Spotify arrives in Singapore, takes aim at music piracy

Spotify officially reaches Singapore (Spotify Photo)
Spotify officially reaches Singapore (Spotify Photo)

Highly-anticipated music streaming service Spotify has launched in Singapore.

Its database of over 20 million songs is now available legally and free-of-charge on desktops. The Swedish-born company charges S$9.90 a month for a “Premium” mobile and tablet experience, free of advertisements and complete with enhanced sound quality plus offline listening.

Users can play music in Spotify by searching; browsing playlists of friends, artists and celebrities; or via the application’s Radio feature.

A screenshot of the Spotify app running on a desktop.
A screenshot of the Spotify app running on a desktop.

Spotify claims to have 24 million users and 6 million paying subscribers globally, and is now available in 23 countries after adding Malaysia, Hong Kong and Singapore to the list.

Speaking to Yahoo! Singapore at the official launch on Tuesday, Sriram Krishnan, Spotify’s head of new markets in Asia-Pacific, confidently announced that “whatever Spotify has is perfect for our consumer in Singapore.”

When asked if Spotify will be subject to the same water-tight censorship faced by the music industry in Singapore, Krishnan replied: “We work with the relevant organizations to ensure our service is legal and our content up to standards.”

In addition, Singaporean music may get a chance to shine on the five-year-old platform. “We are always engaging local bands, labels and artists to ensure they have their content on Spotify,” said Krishnan.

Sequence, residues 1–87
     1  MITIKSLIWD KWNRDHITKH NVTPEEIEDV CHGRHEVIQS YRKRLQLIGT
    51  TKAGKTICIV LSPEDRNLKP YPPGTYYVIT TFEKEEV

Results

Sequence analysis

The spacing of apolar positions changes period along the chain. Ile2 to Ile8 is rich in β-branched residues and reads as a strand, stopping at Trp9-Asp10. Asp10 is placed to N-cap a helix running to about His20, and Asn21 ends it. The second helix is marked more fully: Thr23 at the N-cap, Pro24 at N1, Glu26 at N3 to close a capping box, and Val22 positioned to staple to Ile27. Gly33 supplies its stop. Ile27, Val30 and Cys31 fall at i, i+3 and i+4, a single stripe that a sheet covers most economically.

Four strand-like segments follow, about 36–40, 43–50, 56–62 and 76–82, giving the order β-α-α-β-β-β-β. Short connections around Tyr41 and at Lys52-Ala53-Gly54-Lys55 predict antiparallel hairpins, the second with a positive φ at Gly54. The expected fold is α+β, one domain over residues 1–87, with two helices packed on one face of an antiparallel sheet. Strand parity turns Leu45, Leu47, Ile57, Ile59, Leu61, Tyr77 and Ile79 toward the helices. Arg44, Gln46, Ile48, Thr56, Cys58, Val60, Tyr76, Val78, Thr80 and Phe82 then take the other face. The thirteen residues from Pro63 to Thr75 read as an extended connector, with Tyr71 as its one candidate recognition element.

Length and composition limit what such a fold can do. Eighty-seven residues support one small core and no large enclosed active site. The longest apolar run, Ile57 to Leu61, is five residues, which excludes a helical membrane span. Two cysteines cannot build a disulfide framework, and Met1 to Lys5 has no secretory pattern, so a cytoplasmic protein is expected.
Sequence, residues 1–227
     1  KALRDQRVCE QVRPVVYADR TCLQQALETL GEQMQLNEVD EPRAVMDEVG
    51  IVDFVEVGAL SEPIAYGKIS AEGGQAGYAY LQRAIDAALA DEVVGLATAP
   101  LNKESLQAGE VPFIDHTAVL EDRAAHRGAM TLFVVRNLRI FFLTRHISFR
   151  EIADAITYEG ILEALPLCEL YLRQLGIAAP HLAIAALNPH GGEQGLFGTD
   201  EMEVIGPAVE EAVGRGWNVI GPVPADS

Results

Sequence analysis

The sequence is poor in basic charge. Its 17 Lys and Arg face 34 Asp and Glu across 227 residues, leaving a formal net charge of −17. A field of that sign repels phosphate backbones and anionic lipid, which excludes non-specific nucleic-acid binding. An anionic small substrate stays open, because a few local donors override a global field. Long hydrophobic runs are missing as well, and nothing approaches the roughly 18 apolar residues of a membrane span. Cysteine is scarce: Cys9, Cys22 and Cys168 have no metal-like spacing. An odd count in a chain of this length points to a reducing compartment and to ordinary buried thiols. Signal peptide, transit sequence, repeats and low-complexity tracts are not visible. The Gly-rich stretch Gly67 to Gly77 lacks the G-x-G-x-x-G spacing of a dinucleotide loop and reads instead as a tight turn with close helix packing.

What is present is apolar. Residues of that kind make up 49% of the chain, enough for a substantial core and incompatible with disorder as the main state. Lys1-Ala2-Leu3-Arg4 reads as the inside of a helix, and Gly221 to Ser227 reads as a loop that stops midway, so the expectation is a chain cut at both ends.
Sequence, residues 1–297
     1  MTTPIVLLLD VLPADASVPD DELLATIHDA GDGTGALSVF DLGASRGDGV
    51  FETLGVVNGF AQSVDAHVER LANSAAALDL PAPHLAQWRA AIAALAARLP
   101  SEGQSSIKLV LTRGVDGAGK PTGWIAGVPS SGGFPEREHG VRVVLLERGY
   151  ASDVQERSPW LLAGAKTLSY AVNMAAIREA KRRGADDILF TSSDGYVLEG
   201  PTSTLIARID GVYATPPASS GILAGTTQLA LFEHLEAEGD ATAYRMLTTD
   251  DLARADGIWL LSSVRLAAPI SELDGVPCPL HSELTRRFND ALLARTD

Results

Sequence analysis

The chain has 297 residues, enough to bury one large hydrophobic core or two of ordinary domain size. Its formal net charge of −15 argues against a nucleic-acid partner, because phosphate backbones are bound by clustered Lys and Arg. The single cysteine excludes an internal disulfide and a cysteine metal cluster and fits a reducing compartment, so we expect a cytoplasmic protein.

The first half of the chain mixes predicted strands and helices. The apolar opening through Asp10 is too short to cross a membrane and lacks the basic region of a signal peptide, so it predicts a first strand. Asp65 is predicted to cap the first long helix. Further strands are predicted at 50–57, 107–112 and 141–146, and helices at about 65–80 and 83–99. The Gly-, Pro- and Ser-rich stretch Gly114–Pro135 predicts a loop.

Spotify joins other music streaming services in Singapore such as Deezer, as well as local offerings like MeRadio and Starhub’s Music Anywhere.

Sriram Krishnan, head of new markets in Asia-Pacific, speaking at the official launch. (Spotify Photo)
Sriram Krishnan, head of new markets in Asia-Pacific, speaking at the official launch. (Spotify Photo)

Versus the pirates

Krishnan declined to talk about Spotify’s rivals but said piracy is the service’s “biggest competitor and challenger since its foundational beginnings”.

In his opening speech earlier, he acknowledged that “consumers don’t care whether their music is legal or illegal. All they want is access to music that they can listen to for free.”

Krishnan then went on to describe how Spotify had helped increase the global music industry’s revenue by 33 per cent in 2012, while popular (and illegal) BitTorrent website The Pirate Bay saw a 25 per cent dip that same year.

“Spotify is spearheading the revolution that is converting people from pirate sources to legal sources,” he explained.

The Malaysian national later told Yahoo! Singapore exactly how Spotify was doing so. “Piracy is inconvenient because of bad metadata and viruses and so on,” he argued. “Plus there’s the time-consuming hassle of going to multiple sites to pirate music.”

“On the other hand, Spotify is instant, legal and contained within one user interface and client. You don’t have to go anywhere else, it’s all right there in front of you. Isn’t that more compelling?"

In conclusion, Krishnan boldly asserted: “We can stamp piracy out. If you provide a free, convenient way to access music, you can.”

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